At two major junctures, our government (Congress went along with the Bernanke-Paulson-Geithner triumvirate) made the call that it wanted the banking system we had, not a radically reshaped one. First, the government bailed the big banks out in the fall of 2008. Perhaps more critically, the Obama administration made the call not to break them up or nationalize them in early 2009. In a sense, this new settlement is a continuation of that call. As Yves Smith at Naked Capitalism has pointed out, it’s a bailout for the banks: It will reduce the amount that people owe on their mortgages, thereby helping them afford their home equity lines of credit, roughly $400 billion of which are parked on the balance sheets of the big banks. And Scott Simon, the head of the mortgage business at bond giant Pimco, has argued that investors, not banks, will bear the brunt of the cost of any mortgage modifications.

But most important, the settlement lets the banks off the hook for repeatedly breaking the law in the foreclosure process. One analyst who has studied this tells me that their legal transgressions alone could have been used to rip apart the banking system, had the government desired to do so. Even if it’s true that the banks merely violated technical aspects of the law, and didn’t kick anyone out of a house who deserved to stay, that still flies in the face of everything we’re supposed to believe about the importance of the rule of law. Next time you get a ticket for running a red light, try arguing that you shouldn’t have to pay because you didn’t hit anyone.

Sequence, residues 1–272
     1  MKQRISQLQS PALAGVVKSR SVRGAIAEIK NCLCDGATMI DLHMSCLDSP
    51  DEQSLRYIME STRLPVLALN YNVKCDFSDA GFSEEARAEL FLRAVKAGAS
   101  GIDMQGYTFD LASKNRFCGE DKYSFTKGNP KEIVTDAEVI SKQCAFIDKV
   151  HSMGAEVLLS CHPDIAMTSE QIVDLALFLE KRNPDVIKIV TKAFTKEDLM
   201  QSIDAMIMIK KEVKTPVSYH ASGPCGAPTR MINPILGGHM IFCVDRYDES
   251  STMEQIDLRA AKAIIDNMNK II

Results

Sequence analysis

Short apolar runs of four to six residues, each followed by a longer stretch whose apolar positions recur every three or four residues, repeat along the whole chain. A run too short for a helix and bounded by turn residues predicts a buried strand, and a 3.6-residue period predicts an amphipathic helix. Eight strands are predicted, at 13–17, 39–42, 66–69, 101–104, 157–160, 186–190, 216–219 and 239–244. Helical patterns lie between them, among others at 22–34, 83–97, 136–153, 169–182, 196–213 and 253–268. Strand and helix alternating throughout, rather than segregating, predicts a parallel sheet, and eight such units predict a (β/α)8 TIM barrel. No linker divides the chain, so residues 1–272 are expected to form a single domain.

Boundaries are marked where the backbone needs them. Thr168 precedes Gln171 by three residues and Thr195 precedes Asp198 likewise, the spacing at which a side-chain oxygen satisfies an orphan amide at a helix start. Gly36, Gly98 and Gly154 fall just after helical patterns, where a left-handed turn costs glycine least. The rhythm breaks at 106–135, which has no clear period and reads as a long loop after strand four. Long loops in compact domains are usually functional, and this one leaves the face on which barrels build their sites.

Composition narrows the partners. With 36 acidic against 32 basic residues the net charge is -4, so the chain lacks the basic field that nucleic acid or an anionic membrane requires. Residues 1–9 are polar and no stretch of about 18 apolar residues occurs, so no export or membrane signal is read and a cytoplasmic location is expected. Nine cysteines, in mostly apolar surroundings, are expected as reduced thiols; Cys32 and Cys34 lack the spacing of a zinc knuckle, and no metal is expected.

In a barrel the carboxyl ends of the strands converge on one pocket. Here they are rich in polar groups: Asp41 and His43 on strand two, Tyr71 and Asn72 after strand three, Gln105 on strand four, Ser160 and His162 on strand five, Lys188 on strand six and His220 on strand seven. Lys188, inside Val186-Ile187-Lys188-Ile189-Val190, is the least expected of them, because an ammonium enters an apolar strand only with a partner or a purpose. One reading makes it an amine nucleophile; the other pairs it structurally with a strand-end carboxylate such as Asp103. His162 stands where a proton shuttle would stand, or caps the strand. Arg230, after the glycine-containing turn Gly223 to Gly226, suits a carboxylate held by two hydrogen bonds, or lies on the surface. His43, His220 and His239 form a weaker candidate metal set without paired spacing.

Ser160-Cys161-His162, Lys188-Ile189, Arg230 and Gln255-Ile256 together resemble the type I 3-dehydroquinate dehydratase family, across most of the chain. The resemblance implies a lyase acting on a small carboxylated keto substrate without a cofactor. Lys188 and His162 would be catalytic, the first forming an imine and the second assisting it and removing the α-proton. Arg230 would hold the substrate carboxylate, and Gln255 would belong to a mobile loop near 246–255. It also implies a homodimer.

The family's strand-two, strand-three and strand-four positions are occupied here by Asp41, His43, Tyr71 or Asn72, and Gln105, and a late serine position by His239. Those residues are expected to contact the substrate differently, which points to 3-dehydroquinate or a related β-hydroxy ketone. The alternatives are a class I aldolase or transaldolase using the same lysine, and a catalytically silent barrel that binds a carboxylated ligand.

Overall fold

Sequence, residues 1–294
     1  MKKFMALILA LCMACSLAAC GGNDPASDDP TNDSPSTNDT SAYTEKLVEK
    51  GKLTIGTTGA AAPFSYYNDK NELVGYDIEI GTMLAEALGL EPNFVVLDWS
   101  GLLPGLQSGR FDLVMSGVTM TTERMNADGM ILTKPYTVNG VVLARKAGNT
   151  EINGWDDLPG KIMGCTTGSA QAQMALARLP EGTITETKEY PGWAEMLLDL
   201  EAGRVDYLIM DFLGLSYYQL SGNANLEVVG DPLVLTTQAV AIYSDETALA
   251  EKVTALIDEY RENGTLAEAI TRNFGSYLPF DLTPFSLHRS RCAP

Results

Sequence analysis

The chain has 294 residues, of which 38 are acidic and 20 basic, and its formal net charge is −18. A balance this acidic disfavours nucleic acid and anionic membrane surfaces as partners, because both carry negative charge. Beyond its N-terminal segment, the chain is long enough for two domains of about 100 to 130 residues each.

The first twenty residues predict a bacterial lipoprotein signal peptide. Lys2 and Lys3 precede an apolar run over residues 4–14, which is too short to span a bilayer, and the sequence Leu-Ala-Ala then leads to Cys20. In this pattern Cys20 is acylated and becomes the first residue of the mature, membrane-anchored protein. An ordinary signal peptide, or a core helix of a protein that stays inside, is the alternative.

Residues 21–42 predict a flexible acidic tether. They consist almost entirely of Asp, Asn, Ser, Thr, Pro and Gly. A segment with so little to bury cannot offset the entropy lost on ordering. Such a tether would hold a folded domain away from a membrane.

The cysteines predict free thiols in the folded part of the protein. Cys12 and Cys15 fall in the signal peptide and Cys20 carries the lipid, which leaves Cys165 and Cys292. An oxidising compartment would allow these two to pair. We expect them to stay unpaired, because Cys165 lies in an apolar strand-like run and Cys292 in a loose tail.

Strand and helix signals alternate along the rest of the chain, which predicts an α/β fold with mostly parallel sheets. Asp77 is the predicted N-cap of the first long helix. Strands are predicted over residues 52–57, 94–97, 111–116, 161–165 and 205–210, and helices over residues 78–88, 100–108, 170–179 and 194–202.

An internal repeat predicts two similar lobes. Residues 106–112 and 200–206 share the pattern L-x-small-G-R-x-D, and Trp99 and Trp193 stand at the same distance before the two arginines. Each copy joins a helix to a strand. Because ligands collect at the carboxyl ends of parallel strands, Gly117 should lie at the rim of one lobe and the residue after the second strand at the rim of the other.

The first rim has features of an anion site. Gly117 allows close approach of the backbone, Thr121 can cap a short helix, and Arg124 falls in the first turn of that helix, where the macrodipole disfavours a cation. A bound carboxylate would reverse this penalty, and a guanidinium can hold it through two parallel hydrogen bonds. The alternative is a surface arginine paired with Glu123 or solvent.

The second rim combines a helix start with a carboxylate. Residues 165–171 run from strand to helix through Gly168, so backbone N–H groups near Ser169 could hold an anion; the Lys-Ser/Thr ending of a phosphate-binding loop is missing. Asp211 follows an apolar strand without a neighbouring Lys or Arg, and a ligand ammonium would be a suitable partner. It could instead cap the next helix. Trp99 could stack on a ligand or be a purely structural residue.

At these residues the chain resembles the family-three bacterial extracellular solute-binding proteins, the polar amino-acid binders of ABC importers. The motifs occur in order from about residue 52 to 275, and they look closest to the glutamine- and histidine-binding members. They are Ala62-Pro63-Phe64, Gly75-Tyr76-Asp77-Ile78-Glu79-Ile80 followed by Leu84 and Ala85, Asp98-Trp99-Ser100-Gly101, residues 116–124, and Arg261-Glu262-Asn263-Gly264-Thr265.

But at the very same time, the government is doing a host of other things that look like they’re designed to undermine confidence in the banking system, if not the system itself. The news of the settlement broke at about the same time President Obama announced a new task force that would delve into the crimes of the bubble era. It’s not clear how this task force will differ from the one he announced in 2009, but the point — look out below, banks and bank investors! — is consistent with his anti-bank rhetoric. And the settlement is only a small piece of the litigation facing the banks. As Obama said: “This settlement also protects our ability to further investigate the practices that caused this mess … we’re going to keep at it until we hold those who broke the law fully accountable.” Indeed, multiple other investigations and lawsuits are ongoing; the Wall Street Journal also reported that the SEC might soon bring cases involving the packaging of mortgages.